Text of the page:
Reform Bill May Inspire Democratic Battle Plan

Senate Democrats think they have figured out how to go on offense against a united GOP intent on watering down and frustrating their agenda: Make them vote. Again, and again, and again, if need be.

In what could be a template for the rest of the year, Senate Majority Leader Harry Reid (D-Nev.) has taken off the gloves and forced Republicans into a corner on financial reform, putting the onus on them to explain to the public why they are voting repeatedly to block debate on the bill.

That united Republican front appeared to be cracking late Tuesday amid bumpy bipartisan talks, a rash of ugly headlines and hardening Democratic resolve.

After Republicans and Sen. Ben Nelson (D-Neb.) voted to block debate on the bill for a second straight day Tuesday, Sen. George Voinovich (R-Ohio) said he would eventually switch his vote if bipartisan talks failed to make progress soon.

"Yes, of course I will," he said, adding that he thinks GOP leaders understand his position. Voinovich pointed to the public's desire for reform: "They want us to get something done. ... We're genuinely trying to work something out."

Republican moderates have squawked day after day that Reid's decision to hold a series of cloture votes was counterproductive given that negotiations were moving forward behind the scenes between Banking, Housing and Urban Affairs Chairman Chris Dodd (D-Conn.) and ranking member Richard Shelby (R-Ala.). But Democrats countered that those negotiations have been going on for months, and Republicans have only been getting serious with the bill coming to the floor and the heat of votes focusing their attention.

Sen. Bob Corker (R-Tenn.), who played a key role working to bridge the partisan gap in committee, sounded pessimistic that a deal was likely in the offing.

"I just don't think any time in the near future there is going to be a bipartisan agreement," he said. Corker declined to say who was at fault — Democrats or Republicans — but said he felt the "goal posts keep moving."

Shelby sounded more optimistic, even though he began circulating a Republican alternative proposal on banking reform. Shelby said talks between him and Dodd have narrowed to disagreements measured by inches instead of miles.

"I don't think we can agree on everything," Shelby said. "I think the next day or so are very important because ultimately we can't negotiate everything. We'll have to go to the floor."

Dodd called it "breathtaking" that Republicans continued to block debate on the bill. "To be blocking any effort by this Congress to deal with the failures of Wall Street financial firms and the danger they put our country in is awfully difficult to explain to the American people," he said. "They do so, in my view, at their political peril."

[IMGCAP(1)]Not that the Republicans didn't try. They argued their vote was simply a matter of leverage; if they voted to allow the bill on the floor, Democrats would have less reason to negotiate with Shelby and produce a bill more to the GOP's liking — one with a weaker consumer protection agency, among other provisions.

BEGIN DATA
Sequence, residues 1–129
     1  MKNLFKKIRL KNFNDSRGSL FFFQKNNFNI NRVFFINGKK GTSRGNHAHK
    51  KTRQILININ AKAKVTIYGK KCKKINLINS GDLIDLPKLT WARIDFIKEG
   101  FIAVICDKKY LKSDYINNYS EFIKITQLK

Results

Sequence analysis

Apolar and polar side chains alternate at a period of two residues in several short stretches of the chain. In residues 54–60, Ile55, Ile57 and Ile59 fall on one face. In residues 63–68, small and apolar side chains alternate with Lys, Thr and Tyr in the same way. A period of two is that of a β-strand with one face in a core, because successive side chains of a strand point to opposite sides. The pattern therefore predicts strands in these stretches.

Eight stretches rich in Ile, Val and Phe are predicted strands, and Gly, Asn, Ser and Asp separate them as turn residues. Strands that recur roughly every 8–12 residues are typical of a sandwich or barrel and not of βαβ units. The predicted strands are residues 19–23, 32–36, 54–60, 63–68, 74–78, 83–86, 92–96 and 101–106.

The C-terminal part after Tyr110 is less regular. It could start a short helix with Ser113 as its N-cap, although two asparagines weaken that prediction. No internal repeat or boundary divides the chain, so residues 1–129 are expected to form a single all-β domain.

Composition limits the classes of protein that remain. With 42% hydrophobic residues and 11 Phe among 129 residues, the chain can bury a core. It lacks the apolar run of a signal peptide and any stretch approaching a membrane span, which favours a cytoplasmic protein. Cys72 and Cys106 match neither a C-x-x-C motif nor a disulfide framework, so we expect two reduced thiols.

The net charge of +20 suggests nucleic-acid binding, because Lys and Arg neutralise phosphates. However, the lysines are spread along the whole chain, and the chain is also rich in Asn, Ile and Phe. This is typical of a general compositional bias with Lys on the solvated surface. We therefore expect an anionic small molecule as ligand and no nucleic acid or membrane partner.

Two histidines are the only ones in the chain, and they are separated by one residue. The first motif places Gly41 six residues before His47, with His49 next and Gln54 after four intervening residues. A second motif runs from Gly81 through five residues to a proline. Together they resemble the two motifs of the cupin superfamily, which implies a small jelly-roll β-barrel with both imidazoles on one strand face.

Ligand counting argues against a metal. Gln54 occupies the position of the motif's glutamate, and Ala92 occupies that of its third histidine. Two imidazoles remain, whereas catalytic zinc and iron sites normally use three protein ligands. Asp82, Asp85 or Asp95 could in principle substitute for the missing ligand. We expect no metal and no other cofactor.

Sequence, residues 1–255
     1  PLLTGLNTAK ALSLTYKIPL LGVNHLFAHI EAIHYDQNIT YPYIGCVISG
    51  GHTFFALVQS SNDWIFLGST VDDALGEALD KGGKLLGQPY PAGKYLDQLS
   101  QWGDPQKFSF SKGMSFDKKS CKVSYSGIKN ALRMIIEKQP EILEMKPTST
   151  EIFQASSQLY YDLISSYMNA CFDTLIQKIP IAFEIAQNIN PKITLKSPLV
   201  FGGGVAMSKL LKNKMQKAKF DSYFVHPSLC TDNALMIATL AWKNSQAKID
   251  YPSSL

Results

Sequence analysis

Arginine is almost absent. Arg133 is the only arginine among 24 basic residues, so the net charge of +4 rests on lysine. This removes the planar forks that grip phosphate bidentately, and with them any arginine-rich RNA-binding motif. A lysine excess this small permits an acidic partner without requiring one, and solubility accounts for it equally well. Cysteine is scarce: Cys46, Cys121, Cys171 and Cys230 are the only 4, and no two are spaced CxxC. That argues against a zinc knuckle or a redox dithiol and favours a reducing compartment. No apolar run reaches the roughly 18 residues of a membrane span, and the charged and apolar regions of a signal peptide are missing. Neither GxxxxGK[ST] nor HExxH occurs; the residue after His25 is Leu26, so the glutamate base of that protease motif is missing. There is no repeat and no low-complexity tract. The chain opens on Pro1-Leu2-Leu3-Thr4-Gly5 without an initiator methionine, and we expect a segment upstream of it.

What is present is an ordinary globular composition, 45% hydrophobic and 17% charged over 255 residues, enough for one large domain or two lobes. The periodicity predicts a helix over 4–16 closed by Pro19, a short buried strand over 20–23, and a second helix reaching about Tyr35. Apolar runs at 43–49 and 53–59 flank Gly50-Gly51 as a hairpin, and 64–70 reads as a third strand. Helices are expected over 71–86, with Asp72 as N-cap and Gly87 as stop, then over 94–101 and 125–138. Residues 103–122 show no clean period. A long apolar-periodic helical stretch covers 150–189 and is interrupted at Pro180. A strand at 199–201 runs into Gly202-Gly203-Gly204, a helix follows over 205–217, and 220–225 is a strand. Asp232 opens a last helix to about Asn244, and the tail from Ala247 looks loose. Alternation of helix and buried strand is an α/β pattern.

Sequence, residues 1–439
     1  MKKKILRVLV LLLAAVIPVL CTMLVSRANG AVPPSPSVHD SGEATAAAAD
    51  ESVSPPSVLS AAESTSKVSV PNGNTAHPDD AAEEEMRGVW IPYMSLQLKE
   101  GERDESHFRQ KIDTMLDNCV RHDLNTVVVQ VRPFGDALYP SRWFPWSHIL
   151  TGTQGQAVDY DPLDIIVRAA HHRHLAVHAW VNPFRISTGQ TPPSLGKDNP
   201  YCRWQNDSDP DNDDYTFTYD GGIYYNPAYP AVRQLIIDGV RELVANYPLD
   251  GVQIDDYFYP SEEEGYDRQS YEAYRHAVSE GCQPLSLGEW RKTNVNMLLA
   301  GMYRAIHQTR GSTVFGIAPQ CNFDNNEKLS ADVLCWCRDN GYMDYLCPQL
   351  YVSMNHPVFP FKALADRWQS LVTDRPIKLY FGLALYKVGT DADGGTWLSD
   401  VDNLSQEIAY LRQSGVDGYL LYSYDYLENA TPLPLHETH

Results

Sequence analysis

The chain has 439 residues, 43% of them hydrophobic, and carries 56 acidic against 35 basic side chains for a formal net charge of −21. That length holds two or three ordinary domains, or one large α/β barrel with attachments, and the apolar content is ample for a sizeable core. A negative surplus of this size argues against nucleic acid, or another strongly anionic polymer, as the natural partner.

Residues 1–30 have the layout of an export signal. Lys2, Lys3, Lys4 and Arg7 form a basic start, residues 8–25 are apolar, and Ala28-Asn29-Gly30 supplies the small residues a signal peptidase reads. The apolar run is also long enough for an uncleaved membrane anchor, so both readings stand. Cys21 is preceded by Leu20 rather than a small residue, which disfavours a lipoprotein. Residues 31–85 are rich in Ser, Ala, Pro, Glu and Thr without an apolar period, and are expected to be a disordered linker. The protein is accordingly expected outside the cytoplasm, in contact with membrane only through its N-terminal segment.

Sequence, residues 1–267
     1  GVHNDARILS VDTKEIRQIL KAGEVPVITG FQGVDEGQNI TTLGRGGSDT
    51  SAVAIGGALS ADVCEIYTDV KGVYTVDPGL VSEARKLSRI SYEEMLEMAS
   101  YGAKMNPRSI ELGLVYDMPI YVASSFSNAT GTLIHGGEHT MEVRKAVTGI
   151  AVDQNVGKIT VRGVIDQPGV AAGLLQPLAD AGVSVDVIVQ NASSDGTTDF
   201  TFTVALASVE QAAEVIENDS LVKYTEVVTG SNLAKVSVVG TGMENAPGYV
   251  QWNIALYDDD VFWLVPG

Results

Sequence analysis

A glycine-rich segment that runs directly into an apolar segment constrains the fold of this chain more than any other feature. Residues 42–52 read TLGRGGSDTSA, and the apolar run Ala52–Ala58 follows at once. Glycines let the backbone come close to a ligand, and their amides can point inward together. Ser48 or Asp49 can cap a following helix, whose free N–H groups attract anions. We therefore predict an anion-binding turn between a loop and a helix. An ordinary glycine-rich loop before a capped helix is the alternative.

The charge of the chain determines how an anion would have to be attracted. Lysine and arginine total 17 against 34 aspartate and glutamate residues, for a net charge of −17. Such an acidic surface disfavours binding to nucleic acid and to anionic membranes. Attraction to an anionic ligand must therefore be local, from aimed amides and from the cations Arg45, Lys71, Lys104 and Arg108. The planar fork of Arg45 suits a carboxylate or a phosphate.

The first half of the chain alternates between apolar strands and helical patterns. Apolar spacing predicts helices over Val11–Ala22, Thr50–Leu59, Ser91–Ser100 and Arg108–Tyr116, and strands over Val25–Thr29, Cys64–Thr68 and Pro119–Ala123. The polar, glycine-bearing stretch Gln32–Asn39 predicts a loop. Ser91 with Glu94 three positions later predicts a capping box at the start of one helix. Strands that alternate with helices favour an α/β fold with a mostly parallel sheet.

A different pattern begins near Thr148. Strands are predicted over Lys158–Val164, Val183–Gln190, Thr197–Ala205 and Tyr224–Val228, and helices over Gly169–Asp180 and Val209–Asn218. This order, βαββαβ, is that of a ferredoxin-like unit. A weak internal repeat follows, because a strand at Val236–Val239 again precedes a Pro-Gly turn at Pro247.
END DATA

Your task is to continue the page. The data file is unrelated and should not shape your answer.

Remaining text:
But that kind of nuance doesn't always translate to headlines, and Democrats gleefully trumpeted stories across the country that highlighted the GOP's blocking of the bill and sought to pin Republicans with the label of the party defending Wall Street.

It is also quite a switch from the debate over health care reform, when Democrats spent so much time arguing publicly among themselves or bottled up in committee that they found it hard to pivot and train their fire on Republicans.

Senior Democratic aides said the tougher tactics on the Wall Street bill could be a template for several items later this year.

"I think a lot of our caucus feels we have to draw sharper contrasts. This is just a good jumping-off point to do it from," one said.

Future jobs bills, a small-business bill, some energy items and a bill reacting to the Supreme Court's Citizens United v. Federal Election Commission campaign finance decision could all be ripe for putting Republicans on the defense, the aide said.

"On Citizens United, they are going to have to explain why they are for corporations controlling our elections," the aide said.

Senate Majority Whip Dick Durbin (D-Ill.) said the Republicans were paying a big price for saying no.

"The Republicans are on the wrong side of history and on the wrong side of politics," he said. "I don't know when they'll come to that realization, but until they do, they'll continue to pay a price for it."

Rank-and-file Democrats also applauded Reid.

"I think we're in a strong position," Sen. Bob Casey (D-Pa.) said. "The other side is in dangerous water on this. The more [Republicans] try to stop the debate on this, the more they look like they're with Wall Street. And that's not a good place to be, substantively."

But Republican moderates warned the Democrats' tactics could backfire.

Sen. Susan Collins (R-Maine), who last year spent hours in Reid's office negotiating details of the stimulus package and eventually served as a key vote for Democrats on the issue, ripped Reid's rash of cloture votes as unhelpful.

"It seems to me premature for the Majority Leader to keep forcing divisive votes when all sides report that progress is being made," Collins said.

Sen. Olympia Snowe (R-Maine), who met with Shelby and Reid on Monday to find a way to move the bill, said she's confident that Shelby is working productively to do so. The question, Snowe said, is whether Democrats are willing to work toward a better bipartisan bill.

"It's a question of whether they want the politics or the policy," Snowe said.

At least on financial reform, Democrats are increasingly confident they will get both.

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